A new "biological glue" developed by Chinese researchers could one day prevent hearts and arteries from bleeding uncontrollably.
Placed in an open wound and activated by UV light, this life-saving sealant quickly transforms into a non-toxic hydrogel, able to withstand both slippery surfaces and the pulsation of cardiac tissue.
Adhesive sealant has not yet been tested on human organs, but when a prototype was used inside pigs and rabbits, it fared better than sutures or other surgical adhesives currently available.
Proof of concept, say the authors, is best observed in real time. Placed in a wound in the liver below, the glue can be seen solidifying under UV light, until finally the red rash is successfully retained. The entire process takes less than half a minute.
"It is the first time that high blood pressure bleeding from a beating heart with 6 mm diameter heart penetration holes was quickly discontinued and the wounds were stably sealed using only matrix gel within 20 [seconds] without sutures, "the authors conclude, adding that while there are other similar materials, many also contain harmful chemicals and may require extra sutures later.
The new prototype has no problem. During rabbit surgery, the light-activated gel was able to interrupt a cut of liver with bleeding and a section of the femoral artery in just seconds.
During the pig's surgery, a perforated carotid artery was closed in less than a minute while repairing the holes in the cardiac wall.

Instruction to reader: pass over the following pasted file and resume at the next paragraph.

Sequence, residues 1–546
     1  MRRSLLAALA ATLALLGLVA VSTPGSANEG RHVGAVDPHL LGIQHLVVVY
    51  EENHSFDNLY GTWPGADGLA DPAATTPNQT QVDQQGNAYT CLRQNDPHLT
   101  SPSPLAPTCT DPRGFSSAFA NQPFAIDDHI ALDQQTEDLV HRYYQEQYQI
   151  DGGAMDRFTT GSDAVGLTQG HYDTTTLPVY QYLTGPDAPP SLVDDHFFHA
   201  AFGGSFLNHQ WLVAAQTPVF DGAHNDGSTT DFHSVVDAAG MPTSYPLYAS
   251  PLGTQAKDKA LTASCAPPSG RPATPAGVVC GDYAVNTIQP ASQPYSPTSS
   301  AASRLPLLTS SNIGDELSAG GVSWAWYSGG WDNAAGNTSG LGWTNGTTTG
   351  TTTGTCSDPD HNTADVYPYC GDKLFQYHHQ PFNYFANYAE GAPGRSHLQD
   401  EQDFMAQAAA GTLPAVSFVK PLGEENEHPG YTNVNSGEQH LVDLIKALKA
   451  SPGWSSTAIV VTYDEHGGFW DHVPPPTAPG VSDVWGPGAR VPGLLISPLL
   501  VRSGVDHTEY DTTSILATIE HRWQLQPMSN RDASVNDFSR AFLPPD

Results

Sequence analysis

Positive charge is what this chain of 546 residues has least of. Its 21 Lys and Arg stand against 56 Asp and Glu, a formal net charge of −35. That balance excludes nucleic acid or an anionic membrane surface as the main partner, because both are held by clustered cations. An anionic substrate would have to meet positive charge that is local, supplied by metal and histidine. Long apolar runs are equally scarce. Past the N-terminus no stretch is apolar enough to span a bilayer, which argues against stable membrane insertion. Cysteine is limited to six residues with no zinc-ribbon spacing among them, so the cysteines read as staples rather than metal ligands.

Finely tuned for its purpose, the gel can withstand up to 290 mmHg of blood pressure, which is much higher than most doctors and nurses usually deal with, and far beyond what other glues can withstand.
In addition, because it is based on the structure of human connective tissue, the extracellular matrix of this glue is compatible with internal organs and arteries, allowing it to attach more easily to the arterial and cardiac walls.
The result is that all three pigs survived life-threatening heart surgery. Created for two more weeks, they even showed natural signs of healing with little inflammation to speak.
"The hydrogel also effectively sealed the injured heart after [two] weeks, and almost no necrosis and very little inflammation were observed at the interface of the wound in the staining of the pathological section, confirming the excellent biocompatibility of the hydrogel matrix, "report the authors.
While it is true that pig livers are about the same size as human livers, the team now needs to prove that their findings translate entirely into a clinical setting.
Always hopeful, tissue engineer Hongwei Ouyang – one of the authors of the study – told ScienceAlert he thinks the product may be ready for human surgical use in the next 3 to 5 years.
The prospect of surgery and emergency situations is tempting, and it is a dream that several companies around the world are running. For example, a newly created "elastic" glue can isolate a lung or artery from air or water in 60 seconds, also using UV light.
In a sense, Ouyang and his colleagues have created a cardiac equivalent: a unique glue that can somehow grab a slippery, pulsating heart.
This study was published in Communications of nature.